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April 24, 2012 5:19 PM   Subscribe

Help understanding "new media" and the internetz: Are these "freelancing gig"/content generation/social network websites which are popping up on the web these days scammy? Help me understand this phenomenon.

I am wondering about sites like: elance.com or guru.com, which are basically acting as middle-men between freelance workers/average joes who want to get paid and employers who want to farm out labor. Where is the profit in these endeavors generated for the proprietors of the websites? Is it all a way to exploit "freelancers" or people who think they are freelancers, and get them to pay for useless services and extras and memberships, or produce content for free? Or do some of them actually work for the writers/freelancers ie. get them paid fair prices for their work or further their careers? If so, which ones are "good" ones?
posted by dahliachewswell to Computers & Internet (8 answers total) 7 users marked this as a favorite
 
I've gotten a job through elance, and I can't say I was bowled over by it, but the guy who hired me agreed to reimburse me for their fee. He told me he'd hired people for designing websites, etc. and had been pretty happy (my special little niche of film work doesn't pop up on many sites.)

You bid on the job at elance.com. I sure wouldn't bid lower than my day rate. But any content site is basically writing for pennies, I think. If you've got free time, and can churn out SEO copy, sure, why not? But I don't think any of these, including Patch, HuffPo or any other content mill will further any careers unless you really, really work at it. (And I've been a paid blogger and $15 a post was way more trouble than it was worth.)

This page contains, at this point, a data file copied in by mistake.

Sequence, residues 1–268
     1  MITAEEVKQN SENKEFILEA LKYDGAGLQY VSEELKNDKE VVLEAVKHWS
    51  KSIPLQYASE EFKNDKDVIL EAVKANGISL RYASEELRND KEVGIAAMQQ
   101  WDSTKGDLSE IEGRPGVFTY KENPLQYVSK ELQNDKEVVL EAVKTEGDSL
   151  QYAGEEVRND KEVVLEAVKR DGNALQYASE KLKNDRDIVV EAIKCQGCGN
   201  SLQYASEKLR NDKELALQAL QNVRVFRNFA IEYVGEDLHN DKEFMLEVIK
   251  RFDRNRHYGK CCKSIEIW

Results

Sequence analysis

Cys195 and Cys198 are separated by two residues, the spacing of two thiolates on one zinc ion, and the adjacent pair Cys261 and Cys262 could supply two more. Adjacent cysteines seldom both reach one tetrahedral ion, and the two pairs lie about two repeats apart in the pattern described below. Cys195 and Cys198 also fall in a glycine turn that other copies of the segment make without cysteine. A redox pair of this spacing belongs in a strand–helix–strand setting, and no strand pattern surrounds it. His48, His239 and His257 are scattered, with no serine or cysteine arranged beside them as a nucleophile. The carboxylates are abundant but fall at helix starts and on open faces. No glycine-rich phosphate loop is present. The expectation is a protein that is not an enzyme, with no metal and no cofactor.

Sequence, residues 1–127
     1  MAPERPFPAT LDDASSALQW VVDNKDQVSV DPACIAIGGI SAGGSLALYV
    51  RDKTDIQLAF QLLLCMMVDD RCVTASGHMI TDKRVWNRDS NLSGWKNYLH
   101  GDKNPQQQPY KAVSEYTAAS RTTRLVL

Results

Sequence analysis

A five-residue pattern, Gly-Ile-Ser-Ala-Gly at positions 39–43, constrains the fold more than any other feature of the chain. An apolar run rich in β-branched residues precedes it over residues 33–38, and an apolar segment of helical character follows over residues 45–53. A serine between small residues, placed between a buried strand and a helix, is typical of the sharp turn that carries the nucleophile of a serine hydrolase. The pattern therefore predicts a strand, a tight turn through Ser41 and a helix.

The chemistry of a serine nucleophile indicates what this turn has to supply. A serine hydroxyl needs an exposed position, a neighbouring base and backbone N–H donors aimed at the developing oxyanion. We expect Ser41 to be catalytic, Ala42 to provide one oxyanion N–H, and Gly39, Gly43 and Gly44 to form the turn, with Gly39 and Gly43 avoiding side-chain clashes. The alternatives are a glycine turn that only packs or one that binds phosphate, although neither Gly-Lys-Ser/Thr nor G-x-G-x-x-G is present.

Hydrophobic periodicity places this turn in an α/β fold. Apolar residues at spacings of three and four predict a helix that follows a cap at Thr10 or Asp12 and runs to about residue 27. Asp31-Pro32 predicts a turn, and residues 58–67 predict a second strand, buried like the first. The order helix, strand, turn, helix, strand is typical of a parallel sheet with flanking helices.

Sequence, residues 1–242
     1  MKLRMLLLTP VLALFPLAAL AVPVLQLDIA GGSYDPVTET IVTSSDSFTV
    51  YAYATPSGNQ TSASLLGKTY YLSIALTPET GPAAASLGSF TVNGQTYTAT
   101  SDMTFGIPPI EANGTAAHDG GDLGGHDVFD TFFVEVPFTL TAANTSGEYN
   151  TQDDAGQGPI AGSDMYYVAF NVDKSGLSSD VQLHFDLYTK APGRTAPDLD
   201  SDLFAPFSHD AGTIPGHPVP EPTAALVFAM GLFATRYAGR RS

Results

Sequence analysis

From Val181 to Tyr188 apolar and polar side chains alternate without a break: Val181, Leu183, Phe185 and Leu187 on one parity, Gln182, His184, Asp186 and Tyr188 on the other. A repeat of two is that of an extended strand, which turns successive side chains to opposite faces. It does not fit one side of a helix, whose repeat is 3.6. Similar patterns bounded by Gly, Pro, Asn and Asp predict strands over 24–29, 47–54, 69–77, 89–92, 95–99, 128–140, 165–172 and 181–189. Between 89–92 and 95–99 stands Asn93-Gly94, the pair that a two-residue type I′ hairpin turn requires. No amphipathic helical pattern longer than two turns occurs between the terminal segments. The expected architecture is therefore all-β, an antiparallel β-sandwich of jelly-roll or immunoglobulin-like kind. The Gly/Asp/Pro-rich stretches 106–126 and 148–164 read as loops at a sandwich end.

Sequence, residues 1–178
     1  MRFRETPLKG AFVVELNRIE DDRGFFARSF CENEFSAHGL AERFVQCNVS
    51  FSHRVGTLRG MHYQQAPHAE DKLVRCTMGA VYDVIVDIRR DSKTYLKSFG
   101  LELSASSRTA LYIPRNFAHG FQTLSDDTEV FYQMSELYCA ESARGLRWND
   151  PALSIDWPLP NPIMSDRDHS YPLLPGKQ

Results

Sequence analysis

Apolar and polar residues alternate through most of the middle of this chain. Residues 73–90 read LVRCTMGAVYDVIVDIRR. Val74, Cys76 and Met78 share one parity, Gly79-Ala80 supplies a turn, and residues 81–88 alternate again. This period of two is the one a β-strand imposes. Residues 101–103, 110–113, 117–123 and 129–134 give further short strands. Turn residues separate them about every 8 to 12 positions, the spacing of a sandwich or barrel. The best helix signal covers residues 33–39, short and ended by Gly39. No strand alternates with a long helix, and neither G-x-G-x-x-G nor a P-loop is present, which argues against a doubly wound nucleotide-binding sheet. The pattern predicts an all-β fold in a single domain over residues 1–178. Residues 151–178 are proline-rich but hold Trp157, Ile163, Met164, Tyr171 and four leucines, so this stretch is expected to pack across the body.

posted by Ideefixe at 5:29 PM on April 24, 2012


So I signed up for elance once upon a time, then realized that their terms of service stipulate that they take a service fee from every transaction, and receiving payment for services outside of the site is forbidden. There's a lot of legal jargon to wade through, but the gist of it is that elance is a little less involved in the exchange than a normal contracting firm. Not being able to receive payment on my own terms was enough of red tape that I gave up on it and never took a gig.
posted by deathpanels at 5:29 PM on April 24, 2012


Those sites and others like them have been around for quite a few years now.

They are legit, and generally make their money by taking a cut of the transaction. For example Odesk, which is another big one, takes 10% of what the client pays and passes on the other 90% to the freelancer. Or to look at it another way, whatever rate you say you want, they add on their margin to that, and that's what the client ends up paying.

Whether you can make what you'd consider "fair prices" depends a lot on your skills, the demand for those skills, and the competition for that kind of work.

Because of the nature of the site you may be competing against people from other countries who can charge what you'd consider low rates but still make a good living for their location. Also when it comes to writing there are a lot of what are termed "Work-at-Home-Moms" (aka WAHMs), who may be pretty skilled but are looking for a flexible way to work part-time from home while raising young kids, and often seem to be willing to work for quite low rates.